Deciphering Recycling Numbers


Just because an item contains a recycling symbol doesn’t always mean it is safe and easy to recycle. The numbers that appear within those recycling symbols are very important to recognize and understand.

RESIN NUMBERS

The single-digit numbers (1-7) contained within the recycling symbols are called “resin numbers”. Contrary to popular belief, these numbers do not identify how hard a material is to recycle; they simply are used to mark the specific type of plastic. Certain types of plastic are harder to recycle than others, and some should not even be put in your everyday recycling bin.

WHAT THEY MEAN

1              (PETE – Polyethylene, Terephthalate)
                Common uses: soda and water bottles, polyester fibers, food packaging.
                Safe to recycle, but not re-usable.          

2              (HDPE – High-density Polyethylene)
                Common uses: Recycling bins, various bottles such as milk, or motor oil.
                Safe to recycle.

3              (PVC – Polyvinyl Chloride)
                Common uses: toys, furnishings, plastic pipes, and non-food bottles.

4              (LDPE – Low-density Polyethylene)
                Common uses: Grocery or sandwich bags, plastic wrap, dispensing bottles.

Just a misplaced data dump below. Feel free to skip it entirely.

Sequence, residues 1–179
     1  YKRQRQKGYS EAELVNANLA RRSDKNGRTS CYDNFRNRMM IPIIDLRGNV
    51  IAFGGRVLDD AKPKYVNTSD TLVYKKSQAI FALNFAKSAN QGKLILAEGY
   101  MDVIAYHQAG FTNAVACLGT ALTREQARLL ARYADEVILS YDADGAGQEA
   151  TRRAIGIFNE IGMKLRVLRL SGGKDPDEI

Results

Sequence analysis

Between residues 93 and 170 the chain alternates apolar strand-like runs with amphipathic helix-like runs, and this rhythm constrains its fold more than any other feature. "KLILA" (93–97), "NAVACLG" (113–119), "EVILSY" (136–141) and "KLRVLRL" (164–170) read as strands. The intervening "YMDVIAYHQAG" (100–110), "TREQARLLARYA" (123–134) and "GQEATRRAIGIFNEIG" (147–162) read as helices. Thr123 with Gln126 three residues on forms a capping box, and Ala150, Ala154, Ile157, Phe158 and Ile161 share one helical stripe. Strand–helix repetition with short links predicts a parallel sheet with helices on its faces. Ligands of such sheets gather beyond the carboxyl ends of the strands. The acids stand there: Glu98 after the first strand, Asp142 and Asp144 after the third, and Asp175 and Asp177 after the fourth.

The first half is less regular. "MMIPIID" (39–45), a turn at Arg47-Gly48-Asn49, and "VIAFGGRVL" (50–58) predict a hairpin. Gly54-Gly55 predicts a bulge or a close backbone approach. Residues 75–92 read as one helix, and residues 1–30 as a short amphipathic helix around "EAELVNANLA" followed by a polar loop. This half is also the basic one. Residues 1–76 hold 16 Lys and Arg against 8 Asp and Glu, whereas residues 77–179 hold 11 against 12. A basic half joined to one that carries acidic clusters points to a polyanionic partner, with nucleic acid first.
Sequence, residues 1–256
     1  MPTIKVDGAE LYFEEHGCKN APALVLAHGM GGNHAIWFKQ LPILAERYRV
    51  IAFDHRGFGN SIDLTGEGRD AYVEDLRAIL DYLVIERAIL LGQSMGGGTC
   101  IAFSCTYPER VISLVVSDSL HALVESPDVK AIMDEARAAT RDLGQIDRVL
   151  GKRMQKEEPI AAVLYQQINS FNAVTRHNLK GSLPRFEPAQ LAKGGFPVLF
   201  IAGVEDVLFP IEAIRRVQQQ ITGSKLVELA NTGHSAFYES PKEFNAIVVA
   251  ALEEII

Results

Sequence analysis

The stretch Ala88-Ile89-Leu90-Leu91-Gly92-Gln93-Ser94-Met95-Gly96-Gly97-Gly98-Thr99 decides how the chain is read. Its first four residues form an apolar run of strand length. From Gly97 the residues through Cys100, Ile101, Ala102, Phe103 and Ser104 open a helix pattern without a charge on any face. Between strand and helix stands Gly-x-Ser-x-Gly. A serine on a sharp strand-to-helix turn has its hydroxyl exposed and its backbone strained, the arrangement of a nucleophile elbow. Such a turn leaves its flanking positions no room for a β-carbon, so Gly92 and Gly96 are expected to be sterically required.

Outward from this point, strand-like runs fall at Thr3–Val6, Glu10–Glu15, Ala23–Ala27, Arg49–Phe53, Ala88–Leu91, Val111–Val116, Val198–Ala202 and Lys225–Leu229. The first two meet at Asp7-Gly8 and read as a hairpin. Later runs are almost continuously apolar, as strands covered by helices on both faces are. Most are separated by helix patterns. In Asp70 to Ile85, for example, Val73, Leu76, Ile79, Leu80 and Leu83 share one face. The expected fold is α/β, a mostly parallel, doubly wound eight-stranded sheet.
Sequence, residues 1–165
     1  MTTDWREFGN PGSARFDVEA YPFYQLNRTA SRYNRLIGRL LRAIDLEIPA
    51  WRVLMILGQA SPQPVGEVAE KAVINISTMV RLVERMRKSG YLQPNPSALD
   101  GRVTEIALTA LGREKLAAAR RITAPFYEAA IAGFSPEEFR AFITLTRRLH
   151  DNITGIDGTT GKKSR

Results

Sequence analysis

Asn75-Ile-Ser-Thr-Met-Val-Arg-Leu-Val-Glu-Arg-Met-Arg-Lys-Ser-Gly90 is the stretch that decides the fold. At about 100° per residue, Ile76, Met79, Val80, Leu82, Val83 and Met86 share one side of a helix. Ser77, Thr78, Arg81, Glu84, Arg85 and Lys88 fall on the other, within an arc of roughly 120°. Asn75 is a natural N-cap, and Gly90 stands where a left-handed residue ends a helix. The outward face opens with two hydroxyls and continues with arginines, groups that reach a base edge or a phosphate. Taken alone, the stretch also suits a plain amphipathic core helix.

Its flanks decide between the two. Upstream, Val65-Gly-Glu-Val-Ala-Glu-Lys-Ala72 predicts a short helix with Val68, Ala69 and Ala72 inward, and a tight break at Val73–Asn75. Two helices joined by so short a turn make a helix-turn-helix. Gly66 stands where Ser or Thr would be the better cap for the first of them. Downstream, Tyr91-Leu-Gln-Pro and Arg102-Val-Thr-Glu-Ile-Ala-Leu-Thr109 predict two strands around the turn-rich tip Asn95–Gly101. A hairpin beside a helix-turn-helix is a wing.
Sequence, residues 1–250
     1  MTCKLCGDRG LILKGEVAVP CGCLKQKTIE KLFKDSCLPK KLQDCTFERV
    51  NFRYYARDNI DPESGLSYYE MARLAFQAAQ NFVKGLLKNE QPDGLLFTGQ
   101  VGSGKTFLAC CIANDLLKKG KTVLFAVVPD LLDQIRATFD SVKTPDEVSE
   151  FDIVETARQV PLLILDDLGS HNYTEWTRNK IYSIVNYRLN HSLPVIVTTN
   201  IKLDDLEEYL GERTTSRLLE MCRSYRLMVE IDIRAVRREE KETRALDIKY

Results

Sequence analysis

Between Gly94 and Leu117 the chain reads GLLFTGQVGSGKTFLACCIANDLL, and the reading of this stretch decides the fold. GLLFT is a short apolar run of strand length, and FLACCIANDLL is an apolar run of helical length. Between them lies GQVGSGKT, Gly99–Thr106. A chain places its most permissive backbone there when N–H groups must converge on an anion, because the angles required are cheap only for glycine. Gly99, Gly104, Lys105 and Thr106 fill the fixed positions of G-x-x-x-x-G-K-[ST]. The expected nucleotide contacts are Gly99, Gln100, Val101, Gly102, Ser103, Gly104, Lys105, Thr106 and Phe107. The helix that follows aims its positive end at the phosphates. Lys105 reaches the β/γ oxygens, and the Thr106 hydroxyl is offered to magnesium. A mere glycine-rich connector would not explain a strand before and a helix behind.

Safe to recycle.

5              (PP – Polypropylene)
                Common uses: Clothes, tubs, auto parts, Endura binders.
                Safe to recycle.

6              (PS – Polystyrene)
                Common uses: Foam cups or food trays, packing peanuts, video cases.

7              (Other)
                Various other applications such as bottles.

RECYCLE BY NUMBERS

For the most part, items containing resin numbers of 1 or 2 are safe and can be placed in your recycling bin for curbside pick-up. Numbers 4 and 5 (while marked safe above) are not always picked up by waste management authorities. Different states and counties have varying guidelines, so it is always best to call your local waste authority to find out their policy before placing an item with a resin number of 4 or 5 in your curbside bin.

For the remaining resin numbers, they almost always cannot be placed in your curbside bin. To arrange pick-up for these, call your local waste management service for names of companies that can accomodate those plastic types.  Mixing un-recyclable products with recyclable products can cause more harm than good, and staying informed is key to doing the right thing. Happy sorting!

(To learn more about GBB’s eco-friendly Endura Line, visit www.greenbooksnbinders.com.)

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